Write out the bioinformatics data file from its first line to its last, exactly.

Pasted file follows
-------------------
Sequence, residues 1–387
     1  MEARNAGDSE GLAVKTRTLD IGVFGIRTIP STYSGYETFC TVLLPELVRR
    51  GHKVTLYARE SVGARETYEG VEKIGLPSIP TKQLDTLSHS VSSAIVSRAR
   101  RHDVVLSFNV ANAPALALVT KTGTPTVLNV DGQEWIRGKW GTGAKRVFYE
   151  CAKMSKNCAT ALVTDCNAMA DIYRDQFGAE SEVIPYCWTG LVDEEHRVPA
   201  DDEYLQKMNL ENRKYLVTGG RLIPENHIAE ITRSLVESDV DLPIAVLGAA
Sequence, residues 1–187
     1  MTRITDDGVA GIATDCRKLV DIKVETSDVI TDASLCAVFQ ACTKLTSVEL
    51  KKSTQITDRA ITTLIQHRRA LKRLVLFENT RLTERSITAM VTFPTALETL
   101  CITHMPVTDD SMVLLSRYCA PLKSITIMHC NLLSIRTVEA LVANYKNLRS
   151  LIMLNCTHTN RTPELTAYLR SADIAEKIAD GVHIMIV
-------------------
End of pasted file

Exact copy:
Sequence, residues 1–387
     1  MEARNAGDSE GLAVKTRTLD IGVFGIRTIP STYSGYETFC TVLLPELVRR
    51  GHKVTLYARE SVGARETYEG VEKIGLPSIP TKQLDTLSHS VSSAIVSRAR
   101  RHDVVLSFNV ANAPALALVT KTGTPTVLNV DGQEWIRGKW GTGAKRVFYE
   151  CAKMSKNCAT ALVTDCNAMA DIYRDQFGAE SEVIPYCWTG LVDEEHRVPA
   201  DDEYLQKMNL ENRKYLVTGG RLIPENHIAE ITRSLVESDV DLPIAVLGAA
Sequence, residues 1–187
     1  MTRITDDGVA GIATDCRKLV DIKVETSDVI TDASLCAVFQ ACTKLTSVEL
    51  KKSTQITDRA ITTLIQHRRA LKRLVLFENT RLTERSITAM VTFPTALETL
   101  CITHMPVTDD SMVLLSRYCA PLKSITIMHC NLLSIRTVEA LVANYKNLRS
   151  LIMLNCTHTN RTPELTAYLR SADIAEKIAD GVHIMIV